Demetrius is then taken prisoner during an expedition in Media. Simon’s victory marks a new period of peace and prosperity for the people of Israel.

The end of Seleucid oppression

These events that mark the end of the Seleucid oppression on the Jewish people and especially the end of the repeated profanations of the holy places in Jerusalem and the rest of Judea are well summarized in the beginning of the psalm of this generation:

  1. For the conductor, of David a song.
  2. I have greatly hoped for the Lord,
    • The faith of the Hasmoneans has never been faulted.
  1. and He extended [His ear] to me and heard my cry.
  2. And He drew me up out of the roaring pit, from the thick mire, and He set my feet upon a rock, He established my steps. 
    • Simon has resettled his people in Jerusalem.

Simon’s success leads to the recognition of his people and respect among other peoples:

  • The land [1] was at rest all the days of Simon, who sought the good of his nation. His rule delighted his people and his glory all his days.
  • As his crowning glory he took Joppa for a port and made it a gateway to the isles of the sea.
  • He enlarged the borders of his nation and gained control of the country.
  • He took many prisoners of war and made himself master of Gazara, Beth-zur, and the citadel (Jerusalem). He cleansed the citadel of its impurities; there was no one to withstand him.
  • The people cultivated their land in peace; the land yielded its produce, the trees of the field their fruit.
  • Old men sat in the squares, all talking about the good times, while the young men put on the glorious raiment of war.
  • He supplied the cities with food and equipped them with means of defense, till his glorious name reached the ends of the earth.
  • He brought peace to the land, and Israel was filled with great joy.
  • Every one sat under his vine and fig tree, with no one to disturb them.
  • No attacker was left in the land; the kings in those days were crushed.
  • He strengthened all the lowly among his people and was zealous for the law; he destroyed the lawless and the wicked.
  • The sanctuary he made splendid and multiplied its furnishings.

This praise of Simon’s actions is well to be compared with the following verses of the psalm:

  1. He put a new song into my mouth, a praise to our God, so that many may see and fear, and trust in the Lord.
  2. Praiseworthy is the man who made the Lord his trust, and did not turn to the haughty and those who turn to falsehood.
  3. You have done great things, You, O Lord my God. Your wonders and Your thoughts are for us. There is none to equal You; were I to tell and speak, they would be too many to tell.

The end of the idolatrous temptation

To understand the rest of the psalm, one must go back to the time when the Jews were in the desert with Moses to receive the Torah.

The people [2] of Israel are summoned by God at the foot of Mount Sinai to listen to the Ten Commandments. Then the first series of laws transmitted by Moses who is the intermediary between God and his people. The people of Israel freely agreed to these new laws:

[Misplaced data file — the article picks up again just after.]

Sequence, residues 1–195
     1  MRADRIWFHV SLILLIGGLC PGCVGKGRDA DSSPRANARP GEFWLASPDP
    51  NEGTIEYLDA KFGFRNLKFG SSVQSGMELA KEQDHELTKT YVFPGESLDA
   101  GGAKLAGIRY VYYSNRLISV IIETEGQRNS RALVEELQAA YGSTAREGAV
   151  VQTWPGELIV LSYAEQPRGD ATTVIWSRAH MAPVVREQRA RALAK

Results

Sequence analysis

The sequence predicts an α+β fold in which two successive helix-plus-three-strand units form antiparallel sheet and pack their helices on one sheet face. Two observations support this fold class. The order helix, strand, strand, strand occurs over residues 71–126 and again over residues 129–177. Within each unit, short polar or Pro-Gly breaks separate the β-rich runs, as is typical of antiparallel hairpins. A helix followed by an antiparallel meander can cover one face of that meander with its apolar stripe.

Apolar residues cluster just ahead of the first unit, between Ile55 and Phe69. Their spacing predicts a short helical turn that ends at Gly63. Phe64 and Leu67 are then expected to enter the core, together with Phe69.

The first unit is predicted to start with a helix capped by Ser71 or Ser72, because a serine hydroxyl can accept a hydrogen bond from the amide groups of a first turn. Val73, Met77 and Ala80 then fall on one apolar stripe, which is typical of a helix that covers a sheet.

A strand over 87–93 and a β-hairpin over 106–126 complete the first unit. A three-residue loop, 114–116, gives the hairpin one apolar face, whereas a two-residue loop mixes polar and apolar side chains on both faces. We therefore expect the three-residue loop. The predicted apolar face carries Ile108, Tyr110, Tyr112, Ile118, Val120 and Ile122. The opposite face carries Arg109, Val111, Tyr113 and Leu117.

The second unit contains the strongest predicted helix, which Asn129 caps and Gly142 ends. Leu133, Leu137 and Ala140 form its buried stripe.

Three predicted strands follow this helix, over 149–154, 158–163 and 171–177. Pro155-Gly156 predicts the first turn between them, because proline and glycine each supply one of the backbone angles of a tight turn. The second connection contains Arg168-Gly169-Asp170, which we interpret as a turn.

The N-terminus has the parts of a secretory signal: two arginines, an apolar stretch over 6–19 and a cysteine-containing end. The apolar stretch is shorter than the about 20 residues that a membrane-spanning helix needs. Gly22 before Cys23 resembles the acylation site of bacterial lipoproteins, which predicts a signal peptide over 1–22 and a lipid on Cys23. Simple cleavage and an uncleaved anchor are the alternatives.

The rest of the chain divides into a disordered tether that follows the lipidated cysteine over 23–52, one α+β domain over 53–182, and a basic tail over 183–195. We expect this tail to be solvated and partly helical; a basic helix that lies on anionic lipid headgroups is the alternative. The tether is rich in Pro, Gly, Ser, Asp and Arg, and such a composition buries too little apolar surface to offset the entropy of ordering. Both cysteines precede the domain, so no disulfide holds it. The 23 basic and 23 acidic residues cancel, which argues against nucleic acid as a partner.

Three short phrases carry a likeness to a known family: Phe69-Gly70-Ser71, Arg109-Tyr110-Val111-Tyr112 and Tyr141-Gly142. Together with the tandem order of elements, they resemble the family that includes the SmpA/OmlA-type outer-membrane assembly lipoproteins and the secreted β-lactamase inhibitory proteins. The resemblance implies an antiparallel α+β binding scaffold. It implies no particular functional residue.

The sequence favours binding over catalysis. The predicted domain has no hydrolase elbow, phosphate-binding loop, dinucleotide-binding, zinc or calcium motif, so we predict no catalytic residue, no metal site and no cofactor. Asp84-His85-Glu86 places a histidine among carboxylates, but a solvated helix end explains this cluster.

• And[8] to Moses He said, « Come up to the Lord, you and Aaron, Nadab and Abihu, and seventy of the elders of Israel, and prostrate yourselves from afar.
  • And Moses alone shall approach the Lord but they shall not approach, and the people shall not ascend with him. »
  • So Moses came and told the people all the words of the Lord and all the ordinances, and all the people answered in unison and said, « All the words that the Lord has spoken we will do. »
  • And Moses wrote all the words of the Lord, and he arose early in the morning and built an altar at the foot of the mountain and twelve monuments for the twelve tribes of Israel.
  • And he sent the youths of the children of Israel, and they offered up burnt offerings, and they slaughtered peace offerings to the Lord, bulls.
  • And Moses took half the blood and put it into the basins, and half the blood he cast onto the altar.
  • And he took the Book of the Covenant and read it within the hearing of the people, and they said, « All that the Lord spoke we will do and we will hear. »

The people of Israel then pledged themselves to listen to the divine laws, that is, to execute them. The ear is then an « organ » of submission to God.

What is illustrated by the continuation of the psalm:

  1. You desired neither sacrifice nor meal offering; You dug ears for me; a burnt offering or a sin offering You did not request.

Unfortunately[9], the people of Israel went astray when they did not see Moses coming down from the mountain. He asked Aaron to make them a god when God had just given the description of the tabernacle and ceremonial that the people of Israel had to implement to pay homage to him.

For this, Aaron removes from the people of Israel his earrings to design the golden calf, thus revealing symbolically the piercing of it. Piercing identical to that of Jews who have the choice of freedom prefers slavery (piercing the ears is also a punishment for those who want to remain enslaved in the Torah).

By the ears, the Jews had sanctified themselves by perceiving the divine message. By these same ears, they fell back by building an idol to which they sacrificed.

From pagan rites the Jews had deduced that a God could be satisfied only through sacrifices. They were not yet ripe enough to apprehend divine greatness apart from « burnt offerings and expiators. » This is why God has presumably introduced into the law a great number of precepts in this regard even if they have no real utility for God to approach his people.

However, the sin committed by the people of Israel in the desert is obviously serious since it occurs when God has really manifested himself to his people. To avoid divine wrath, Moses pleads for his people. It is at the end of the forty-day period during which Moses is with God that Moses interposes himself for his people. But for that, Moses had to react to the fault of his people: